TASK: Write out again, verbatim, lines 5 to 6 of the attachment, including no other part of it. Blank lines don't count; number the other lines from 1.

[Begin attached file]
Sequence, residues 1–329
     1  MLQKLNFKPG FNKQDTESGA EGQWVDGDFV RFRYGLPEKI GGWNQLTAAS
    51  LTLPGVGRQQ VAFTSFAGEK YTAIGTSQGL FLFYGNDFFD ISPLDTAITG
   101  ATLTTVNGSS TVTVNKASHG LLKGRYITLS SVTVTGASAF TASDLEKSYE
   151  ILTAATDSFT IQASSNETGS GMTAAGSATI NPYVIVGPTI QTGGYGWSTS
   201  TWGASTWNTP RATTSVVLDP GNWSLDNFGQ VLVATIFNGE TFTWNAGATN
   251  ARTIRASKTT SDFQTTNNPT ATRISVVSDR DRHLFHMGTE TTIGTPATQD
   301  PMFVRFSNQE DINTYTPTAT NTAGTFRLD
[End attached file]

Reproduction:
   151  ILTAATDSFT IQASSNETGS GMTAAGSATI NPYVIVGPTI QTGGYGWSTS
   201  TWGASTWNTP RATTSVVLDP GNWSLDNFGQ VLVATIFNGE TFTWNAGATN